What began as a bride’s wedding present to her groom has grown into a gift for all who love prairies.
Judy Parks established the Weaver program in 1995 to celebrate her new husband, Ron Parks. Longtime supporters of The Nature Conservancy and its mission, the couple wanted to provide grants to encourage graduate students whose research focused on Great Plains ecosystems and their conservation. They inspired others to donate to the fund, and grew the endowment from that day forward.
Named after J.E. Weaver, an internationally renowned plant ecologist called “the Father of Grassland Studies,” the Weaver Grants Program at The Nature Conservancy is celebrating its 28th year with a new batch of awards.
“One of my favorite parts of my year is reading all the grant proposals we receive, and learning about the incredible research going on around the Great Plains,” said Director of Science Chris Helzer. “Beyond what we learn, TNC gets the opportunity to build relationships with five researchers—relationships I hope will continue into their future careers.”
“We’re proud to see the continuity and the progress of the Weaver Program,” said Judy. “Now that Ron and I are stewards of a grassland, we can appreciate firsthand the interest of the students in understanding the complex prairie environment. Getting to review the proposals each year has given us the opportunity to learn about the concerns that go into taking care of the prairie.”
To date, the Weaver program has helped to fund more than 110 projects.
Erin G. Rowland-Schaefer, Northern Illinois University
On the Ground and From Above: How Small Mammals Are Impacted By Habitat Type, Management Activities, and Plant Communities
Erin will be looking at ten years of data from TNC’s Nachusa Grasslands to understand how small mammals (mice, voles, etc.) respond to habitat fragmentation, fire and bison grazing.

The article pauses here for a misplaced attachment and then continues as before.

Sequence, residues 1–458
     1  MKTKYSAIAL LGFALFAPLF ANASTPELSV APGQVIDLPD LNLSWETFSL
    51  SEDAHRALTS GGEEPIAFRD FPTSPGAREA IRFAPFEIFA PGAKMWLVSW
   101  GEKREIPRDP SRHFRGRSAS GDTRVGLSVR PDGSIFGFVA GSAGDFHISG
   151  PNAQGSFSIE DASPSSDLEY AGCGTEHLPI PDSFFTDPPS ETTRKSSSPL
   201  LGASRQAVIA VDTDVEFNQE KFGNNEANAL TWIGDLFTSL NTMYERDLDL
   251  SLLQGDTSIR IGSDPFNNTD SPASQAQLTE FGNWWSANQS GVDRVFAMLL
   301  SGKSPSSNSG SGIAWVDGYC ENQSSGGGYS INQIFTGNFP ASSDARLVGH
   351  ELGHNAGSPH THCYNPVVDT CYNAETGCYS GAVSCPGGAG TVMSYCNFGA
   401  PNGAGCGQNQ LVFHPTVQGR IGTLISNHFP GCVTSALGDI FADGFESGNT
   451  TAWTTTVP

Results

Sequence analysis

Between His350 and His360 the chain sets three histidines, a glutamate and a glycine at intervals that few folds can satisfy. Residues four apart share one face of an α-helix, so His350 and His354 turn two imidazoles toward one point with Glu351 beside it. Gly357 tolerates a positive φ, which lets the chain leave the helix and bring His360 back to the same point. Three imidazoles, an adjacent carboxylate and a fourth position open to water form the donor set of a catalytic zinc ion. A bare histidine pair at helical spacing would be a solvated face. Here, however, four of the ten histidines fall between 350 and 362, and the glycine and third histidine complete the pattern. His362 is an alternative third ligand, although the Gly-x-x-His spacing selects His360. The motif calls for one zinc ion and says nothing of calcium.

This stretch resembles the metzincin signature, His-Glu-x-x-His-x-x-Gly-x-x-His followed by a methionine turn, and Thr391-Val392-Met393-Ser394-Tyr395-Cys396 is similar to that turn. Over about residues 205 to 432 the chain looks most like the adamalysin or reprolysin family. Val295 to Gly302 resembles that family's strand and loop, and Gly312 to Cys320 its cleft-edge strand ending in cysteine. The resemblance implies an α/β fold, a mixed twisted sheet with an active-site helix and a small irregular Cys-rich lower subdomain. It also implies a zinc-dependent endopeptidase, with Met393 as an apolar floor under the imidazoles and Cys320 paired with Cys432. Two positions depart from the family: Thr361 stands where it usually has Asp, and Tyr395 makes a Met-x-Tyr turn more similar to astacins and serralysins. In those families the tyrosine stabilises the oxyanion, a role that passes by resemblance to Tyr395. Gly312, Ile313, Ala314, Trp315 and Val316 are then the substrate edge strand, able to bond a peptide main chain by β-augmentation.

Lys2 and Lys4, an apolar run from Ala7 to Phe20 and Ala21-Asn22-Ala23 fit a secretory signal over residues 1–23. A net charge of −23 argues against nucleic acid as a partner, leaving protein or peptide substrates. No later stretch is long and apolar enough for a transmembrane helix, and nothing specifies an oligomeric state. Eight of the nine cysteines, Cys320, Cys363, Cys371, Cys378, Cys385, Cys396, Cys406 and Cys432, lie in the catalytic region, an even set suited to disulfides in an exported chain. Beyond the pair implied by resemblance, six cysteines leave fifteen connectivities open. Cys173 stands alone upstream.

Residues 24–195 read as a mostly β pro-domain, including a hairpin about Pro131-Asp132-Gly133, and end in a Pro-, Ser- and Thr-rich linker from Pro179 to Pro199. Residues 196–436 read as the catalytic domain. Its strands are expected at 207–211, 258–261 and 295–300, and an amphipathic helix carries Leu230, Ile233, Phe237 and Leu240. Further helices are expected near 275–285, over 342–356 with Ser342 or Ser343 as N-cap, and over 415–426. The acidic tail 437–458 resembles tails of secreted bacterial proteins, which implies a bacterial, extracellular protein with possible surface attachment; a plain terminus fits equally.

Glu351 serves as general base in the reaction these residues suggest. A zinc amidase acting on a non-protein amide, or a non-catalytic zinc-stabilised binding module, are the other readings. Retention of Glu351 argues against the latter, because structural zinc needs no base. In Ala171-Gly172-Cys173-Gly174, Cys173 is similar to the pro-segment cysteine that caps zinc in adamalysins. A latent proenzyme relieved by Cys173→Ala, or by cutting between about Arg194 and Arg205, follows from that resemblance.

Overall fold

Kayla Johnson, Oklahoma State University
Effects of an Integrated Management Approach on Controlling the Invasive Broadleaf Plant Sericea Lespedeza (Lespedeza cuneata) in the Tallgrass Prairie
Kayla will work with TNC’s Joseph H. Williams Tallgrass Prairie Preserve in Oklahoma and study control methods for a nasty invasive plant. She’ll evaluate burn season effects, as well as combinations of fire, grazing and herbicide treatments.
Ny Aina Minoarimanana Rakotoarivony, Oklahoma State University
Impact of Invasive Species on Plant Diversity in Tallgrass Prairies
This project, too, is looking at the impacts of invasive Sericea lespedeza on prairie plant communities. Time, effort, and resources are spent trying to control this plant, yet success has been limited. What are the actual impacts on plant diversity at multiple scales?
Nivedita Priyadarshini Kamaraj, Oklahoma State University
Monitoring Grassland Biodiversity – A Remote Sensing Perspective
Remote sensing (aerial and satellite imagery) shows promise for detecting and monitoring plant diversity, but we still have a long way to go in terms of doing so accurately. This project will be studying effects of land management practices on plant diversity, and trying to measure those effects both on the ground and via remote sensing.
Grace Thomas, University of Nebraska-Omaha
Effects of Bison and Cattle Grazing on Milkweeds and Monarch Butterflies
This project builds on previous work on milkweed and grazing, done by TNC and UNO. Grace will be looking at multiple sites across the Great Plains to see how grazing affects both milkweed numbers and monarch egg-laying. She’ll look at ungrazed sites, as well as sites grazed by both bison and cattle.
The Nature Conservancy is a global conservation organization dedicated to conserving the lands and waters on which all life depends. Guided by science, we create innovative, on-the-ground solutions to our world’s toughest challenges so that nature and people can thrive together. We are tackling climate change, conserving lands, waters and oceans at an unprecedented scale, providing food and water sustainably and helping make cities more sustainable. Working in 76 countries and territories—37 by direct conservation impact and 39 through partners—we use a collaborative approach that engages local communities, governments, the private sector, and other partners. To learn more, visit www.nature.org or follow @nature_press on Twitter.